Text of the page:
Teaching Comparative Government and Politics

Monday, June 25, 2012

Too much participation

The first time I read about too much political participation, I did a double take. Too much participation in a democratic political system? Then I went back and reread that part of the chapter. Thomas Friedman, writing in the New York Times, does a good job of explaining and offering examples of hyperparticipation. It might well complement the textbook your students are supposed to be reading.

The Rise of Popularism
TRAVELING in Europe last week, it seemed as if every other conversation ended with some form of this question: Why does it feel like so few leaders are capable of inspiring their people to meet the challenges of our day? There are many explanations for this global leadership deficit, but I’d focus on two: one generational, one technological.

Let’s start with the technological…

The wiring of the world through social media and Web-enabled cellphones is changing the nature of conversations between leaders and the led everywhere. We’re going from largely one-way conversations — top-down — to overwhelmingly two-way conversations — bottom-up and top-down. This has many upsides: more participation, more innovation and more transparency. But can there be such a thing as too much participation — leaders listening to so many voices all the time and tracking the trends that they become prisoners of them?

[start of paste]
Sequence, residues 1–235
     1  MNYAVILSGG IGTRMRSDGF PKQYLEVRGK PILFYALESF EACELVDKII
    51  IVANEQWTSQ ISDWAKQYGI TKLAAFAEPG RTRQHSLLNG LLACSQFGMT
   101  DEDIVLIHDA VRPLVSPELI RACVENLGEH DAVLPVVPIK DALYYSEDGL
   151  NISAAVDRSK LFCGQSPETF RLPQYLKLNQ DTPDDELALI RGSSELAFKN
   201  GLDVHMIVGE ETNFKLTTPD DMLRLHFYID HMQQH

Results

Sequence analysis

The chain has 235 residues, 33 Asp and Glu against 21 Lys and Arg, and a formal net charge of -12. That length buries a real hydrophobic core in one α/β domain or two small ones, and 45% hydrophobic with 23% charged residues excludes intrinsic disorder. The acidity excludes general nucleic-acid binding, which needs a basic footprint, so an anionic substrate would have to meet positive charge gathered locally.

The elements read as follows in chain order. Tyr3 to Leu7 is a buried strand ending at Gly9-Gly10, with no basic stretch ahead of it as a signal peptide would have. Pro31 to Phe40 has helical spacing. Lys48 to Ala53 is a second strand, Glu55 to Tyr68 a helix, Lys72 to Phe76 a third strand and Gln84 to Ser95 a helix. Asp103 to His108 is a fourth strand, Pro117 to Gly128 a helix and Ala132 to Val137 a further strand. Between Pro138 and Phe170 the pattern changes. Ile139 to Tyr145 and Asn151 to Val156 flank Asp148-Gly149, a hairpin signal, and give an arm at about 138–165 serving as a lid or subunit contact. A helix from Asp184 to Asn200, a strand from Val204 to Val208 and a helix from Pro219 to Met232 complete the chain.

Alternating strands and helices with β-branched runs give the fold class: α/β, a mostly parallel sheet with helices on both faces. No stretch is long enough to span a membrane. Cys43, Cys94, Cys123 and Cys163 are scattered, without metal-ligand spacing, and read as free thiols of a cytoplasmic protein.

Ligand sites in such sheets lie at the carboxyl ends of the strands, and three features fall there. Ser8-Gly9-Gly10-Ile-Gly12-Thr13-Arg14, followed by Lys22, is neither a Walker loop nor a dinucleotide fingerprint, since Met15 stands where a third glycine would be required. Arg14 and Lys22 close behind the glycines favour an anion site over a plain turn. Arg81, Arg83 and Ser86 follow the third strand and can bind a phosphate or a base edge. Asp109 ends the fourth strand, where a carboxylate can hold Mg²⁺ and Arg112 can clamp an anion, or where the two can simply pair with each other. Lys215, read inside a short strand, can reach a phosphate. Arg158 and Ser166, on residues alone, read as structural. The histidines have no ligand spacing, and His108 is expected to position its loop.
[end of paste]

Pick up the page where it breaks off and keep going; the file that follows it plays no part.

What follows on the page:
This sentence jumped out from a Politico piece on Wednesday: “The Obama and Romney campaigns spend all day strafing each other on Twitter, all while decrying the campaign’s lack of serious ideas for a serious time. Yet at most junctures when they’ve had the opportunity to go big, they’ve chosen to go small.”

Indeed, I heard a new word in London last week: “Popularism.” It’s the über-ideology of our day. Read the polls, track the blogs, tally the Twitter feeds and Facebook postings and go precisely where the people are, not where you think they need to go. If everyone is “following,” who is leading?

And then there is the exposure factor. Anyone with a cellphone today is paparazzi; anyone with a Twitter account is a reporter; anyone with YouTube access is a filmmaker… And, if you’re truly a public figure — a politician — the scrutiny can become so unpleasant that public life becomes something to be avoided at all costs…

As for the generational shift, we’ve gone from a Greatest Generation that believed in save and invest for the future to a Baby Boomer generation that believed in borrow and spend for today…

When you have technologies that promote quick short-term responses and judgments, and when you have a generation that has grown used to short-term gratification — but you have problems whose solutions require long, hard journeys, like today’s global credit crisis or jobs shortage or the need to rebuild Arab countries from the ground up — you have a real mismatch and leadership challenge…

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